Winner, New Ohio Review Poetry Contest
selected by Kevin Prufer
By Jessica Cuello
There are only two photos of me as a child.
She took them, she had no child.
She had Kool Cigarettes and a job at the drugstore.
She gave me the Crayola box with the built-in sharpener.
Four hundred suitcases were stored in the attic
of Willard Asylum for the Chronic Insane.
She joined her twin brother there.
She wore her black hair down.
A child could admire it.
She bought me an Easter basket,
a stuffed rabbit whose fur rubbed off.
She walked everywhere.
She painted circles of blush on her cheeks.
Loony, people said so,
I mean grown-ups who saw signs
who passed her on our street before she
started to call and say Remember,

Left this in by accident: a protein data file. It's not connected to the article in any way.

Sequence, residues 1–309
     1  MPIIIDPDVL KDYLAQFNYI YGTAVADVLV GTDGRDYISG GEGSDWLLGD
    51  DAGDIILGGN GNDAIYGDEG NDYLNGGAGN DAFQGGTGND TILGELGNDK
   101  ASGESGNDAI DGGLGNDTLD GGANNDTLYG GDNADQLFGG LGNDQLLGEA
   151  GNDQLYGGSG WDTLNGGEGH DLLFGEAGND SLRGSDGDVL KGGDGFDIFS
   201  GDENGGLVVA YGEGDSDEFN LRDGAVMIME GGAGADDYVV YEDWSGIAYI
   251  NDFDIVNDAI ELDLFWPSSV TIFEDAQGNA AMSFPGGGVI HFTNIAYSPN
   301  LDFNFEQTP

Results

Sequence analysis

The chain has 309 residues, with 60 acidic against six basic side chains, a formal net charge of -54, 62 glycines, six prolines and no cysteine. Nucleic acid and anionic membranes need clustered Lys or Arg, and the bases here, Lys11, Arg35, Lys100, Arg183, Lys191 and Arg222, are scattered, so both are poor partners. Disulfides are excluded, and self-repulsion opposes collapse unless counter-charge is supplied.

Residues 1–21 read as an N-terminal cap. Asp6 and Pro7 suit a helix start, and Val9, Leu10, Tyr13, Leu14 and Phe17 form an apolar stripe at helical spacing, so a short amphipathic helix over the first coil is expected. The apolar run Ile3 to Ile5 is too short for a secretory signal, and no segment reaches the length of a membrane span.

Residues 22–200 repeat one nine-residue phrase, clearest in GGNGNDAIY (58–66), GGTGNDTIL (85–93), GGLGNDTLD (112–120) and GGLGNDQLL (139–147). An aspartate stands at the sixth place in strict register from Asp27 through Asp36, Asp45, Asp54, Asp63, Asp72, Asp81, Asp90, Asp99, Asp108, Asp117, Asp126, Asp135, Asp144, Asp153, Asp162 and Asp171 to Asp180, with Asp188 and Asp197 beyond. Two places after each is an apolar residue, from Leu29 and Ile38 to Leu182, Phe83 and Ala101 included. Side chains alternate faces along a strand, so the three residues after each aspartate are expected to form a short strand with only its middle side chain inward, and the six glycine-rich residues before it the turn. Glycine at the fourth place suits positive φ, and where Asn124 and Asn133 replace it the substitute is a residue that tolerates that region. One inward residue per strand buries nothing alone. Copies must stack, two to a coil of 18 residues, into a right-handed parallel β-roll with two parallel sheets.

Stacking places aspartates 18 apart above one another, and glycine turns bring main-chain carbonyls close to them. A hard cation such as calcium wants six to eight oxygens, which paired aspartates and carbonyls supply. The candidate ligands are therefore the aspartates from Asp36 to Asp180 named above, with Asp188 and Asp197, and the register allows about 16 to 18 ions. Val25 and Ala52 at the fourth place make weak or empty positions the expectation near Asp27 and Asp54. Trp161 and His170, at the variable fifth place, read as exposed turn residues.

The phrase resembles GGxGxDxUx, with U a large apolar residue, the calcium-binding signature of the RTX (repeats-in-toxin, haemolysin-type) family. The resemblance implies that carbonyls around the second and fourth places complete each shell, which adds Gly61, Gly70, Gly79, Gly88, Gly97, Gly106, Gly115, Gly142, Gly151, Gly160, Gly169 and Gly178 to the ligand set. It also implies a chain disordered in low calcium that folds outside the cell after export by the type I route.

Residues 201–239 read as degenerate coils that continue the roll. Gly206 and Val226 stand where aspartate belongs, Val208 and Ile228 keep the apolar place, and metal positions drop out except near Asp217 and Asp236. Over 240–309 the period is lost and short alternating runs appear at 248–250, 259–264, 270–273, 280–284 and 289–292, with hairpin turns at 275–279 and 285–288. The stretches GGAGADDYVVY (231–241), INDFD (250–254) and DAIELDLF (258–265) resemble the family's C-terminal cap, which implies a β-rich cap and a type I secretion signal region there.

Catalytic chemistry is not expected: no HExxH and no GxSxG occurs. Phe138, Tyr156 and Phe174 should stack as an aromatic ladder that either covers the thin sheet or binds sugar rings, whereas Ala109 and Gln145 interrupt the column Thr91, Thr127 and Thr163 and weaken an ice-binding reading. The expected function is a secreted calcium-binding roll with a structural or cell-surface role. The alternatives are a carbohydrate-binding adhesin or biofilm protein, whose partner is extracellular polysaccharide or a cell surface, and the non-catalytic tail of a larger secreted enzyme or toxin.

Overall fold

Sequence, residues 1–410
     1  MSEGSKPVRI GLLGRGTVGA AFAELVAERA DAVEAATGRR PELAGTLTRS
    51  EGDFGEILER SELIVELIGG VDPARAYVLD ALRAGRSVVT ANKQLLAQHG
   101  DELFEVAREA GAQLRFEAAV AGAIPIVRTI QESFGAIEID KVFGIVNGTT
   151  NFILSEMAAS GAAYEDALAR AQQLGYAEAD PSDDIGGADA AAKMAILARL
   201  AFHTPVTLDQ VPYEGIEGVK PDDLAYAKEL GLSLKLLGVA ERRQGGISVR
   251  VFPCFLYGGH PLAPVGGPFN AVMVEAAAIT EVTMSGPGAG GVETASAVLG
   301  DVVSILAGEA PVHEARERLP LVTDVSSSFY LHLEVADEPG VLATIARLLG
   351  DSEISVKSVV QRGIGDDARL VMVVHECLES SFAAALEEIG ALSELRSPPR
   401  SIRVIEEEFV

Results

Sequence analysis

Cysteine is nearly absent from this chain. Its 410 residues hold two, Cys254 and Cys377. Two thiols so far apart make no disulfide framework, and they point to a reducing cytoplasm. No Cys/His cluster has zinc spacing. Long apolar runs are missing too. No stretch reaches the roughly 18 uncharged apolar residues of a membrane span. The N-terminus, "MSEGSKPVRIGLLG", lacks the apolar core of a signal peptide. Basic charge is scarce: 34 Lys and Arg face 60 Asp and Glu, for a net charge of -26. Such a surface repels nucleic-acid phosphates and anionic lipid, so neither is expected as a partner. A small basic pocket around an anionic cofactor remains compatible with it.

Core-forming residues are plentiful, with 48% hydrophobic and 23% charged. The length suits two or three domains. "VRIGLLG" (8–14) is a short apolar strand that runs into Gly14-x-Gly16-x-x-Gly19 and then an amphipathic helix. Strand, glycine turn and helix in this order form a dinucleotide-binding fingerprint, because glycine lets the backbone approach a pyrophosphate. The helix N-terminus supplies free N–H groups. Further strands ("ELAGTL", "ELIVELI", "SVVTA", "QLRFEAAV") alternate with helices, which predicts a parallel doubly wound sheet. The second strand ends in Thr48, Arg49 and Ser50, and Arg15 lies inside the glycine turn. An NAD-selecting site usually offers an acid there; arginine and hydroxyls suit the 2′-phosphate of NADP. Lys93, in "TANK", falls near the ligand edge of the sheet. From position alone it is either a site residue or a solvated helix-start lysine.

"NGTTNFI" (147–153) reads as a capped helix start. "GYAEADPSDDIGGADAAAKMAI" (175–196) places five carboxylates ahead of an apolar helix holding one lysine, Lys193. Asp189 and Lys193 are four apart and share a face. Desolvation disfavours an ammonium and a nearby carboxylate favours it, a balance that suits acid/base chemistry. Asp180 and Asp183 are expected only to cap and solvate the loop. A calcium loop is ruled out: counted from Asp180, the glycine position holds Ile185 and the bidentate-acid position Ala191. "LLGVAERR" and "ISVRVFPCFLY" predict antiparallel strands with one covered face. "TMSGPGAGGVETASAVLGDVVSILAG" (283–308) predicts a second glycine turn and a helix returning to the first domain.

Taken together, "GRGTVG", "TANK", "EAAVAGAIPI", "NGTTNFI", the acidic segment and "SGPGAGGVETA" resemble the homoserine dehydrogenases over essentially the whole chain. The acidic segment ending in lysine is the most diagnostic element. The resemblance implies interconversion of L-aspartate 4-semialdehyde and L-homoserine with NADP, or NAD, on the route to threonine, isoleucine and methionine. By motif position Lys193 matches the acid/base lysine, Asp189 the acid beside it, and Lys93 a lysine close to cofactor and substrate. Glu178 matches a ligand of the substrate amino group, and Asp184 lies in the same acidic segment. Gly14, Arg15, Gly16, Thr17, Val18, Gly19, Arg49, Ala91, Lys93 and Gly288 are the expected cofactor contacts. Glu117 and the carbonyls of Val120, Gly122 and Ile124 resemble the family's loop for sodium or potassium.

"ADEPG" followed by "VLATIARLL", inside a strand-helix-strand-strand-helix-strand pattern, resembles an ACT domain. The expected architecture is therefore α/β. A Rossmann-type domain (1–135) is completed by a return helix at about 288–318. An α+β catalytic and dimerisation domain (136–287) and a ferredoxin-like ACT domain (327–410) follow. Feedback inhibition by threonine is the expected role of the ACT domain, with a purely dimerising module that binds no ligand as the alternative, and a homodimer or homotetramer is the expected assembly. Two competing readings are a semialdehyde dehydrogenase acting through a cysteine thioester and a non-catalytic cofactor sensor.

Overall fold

on the phone she said Remember,
Remember the date we killed her brother,
forgetting he’d been committed.
I took her hand and tagged along like an animal.
She was perfect to a child.
In 1995, when the asylum closed,
an artist took photos of the 400 suitcases.
The photos were put online,
the contents laid out respectfully.
In the open suitcases: belts,
pocket knives, Lone Ranger cards,
keys, ribbons, shoe polish,
mirrors, pills, a fountain pen,
bottle of glycerine, a zither,
kit of needles, bread ration card,
The Gospel of John, a letter.
Each suitcase had a name:
Lena C, Lillian L, Mary T
Gloria P, Cassie M, Francis T
Marian R, Catherine S, Dmytre Z
Ruby C, Anthony C, FJL
Viola G, Alice T, Carrie L
Karen B, Remember.
Jessica Cuello is the author of Liar, selected by Dorianne Laux for the 2020 Barrow Street Book Prize and forthcoming in 2021. She is also the author of Hunt (The Word Works, 2017) and Pricking (Tiger Bark Press, 2016). She has been awarded The 2017 CNY Book Award, The 2016 Washington Prize, The New Letters Poetry Prize, a Saltonstall Fellowship, and The New Ohio Review Poetry Prize. She is a poetry editor at Tahoma Literary Review.